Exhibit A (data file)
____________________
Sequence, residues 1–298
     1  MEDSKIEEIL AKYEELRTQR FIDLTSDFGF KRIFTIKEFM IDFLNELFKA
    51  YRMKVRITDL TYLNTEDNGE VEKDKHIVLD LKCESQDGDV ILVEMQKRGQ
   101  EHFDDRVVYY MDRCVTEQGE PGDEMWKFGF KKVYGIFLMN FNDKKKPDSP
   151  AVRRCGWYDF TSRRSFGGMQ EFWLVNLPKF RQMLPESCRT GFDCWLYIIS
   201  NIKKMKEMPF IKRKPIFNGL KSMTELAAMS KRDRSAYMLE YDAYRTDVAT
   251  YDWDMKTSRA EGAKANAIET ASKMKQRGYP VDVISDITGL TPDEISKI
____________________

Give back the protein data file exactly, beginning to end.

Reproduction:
Sequence, residues 1–298
     1  MEDSKIEEIL AKYEELRTQR FIDLTSDFGF KRIFTIKEFM IDFLNELFKA
    51  YRMKVRITDL TYLNTEDNGE VEKDKHIVLD LKCESQDGDV ILVEMQKRGQ
   101  EHFDDRVVYY MDRCVTEQGE PGDEMWKFGF KKVYGIFLMN FNDKKKPDSP
   151  AVRRCGWYDF TSRRSFGGMQ EFWLVNLPKF RQMLPESCRT GFDCWLYIIS
   201  NIKKMKEMPF IKRKPIFNGL KSMTELAAMS KRDRSAYMLE YDAYRTDVAT
   251  YDWDMKTSRA EGAKANAIET ASKMKQRGYP VDVISDITGL TPDEISKI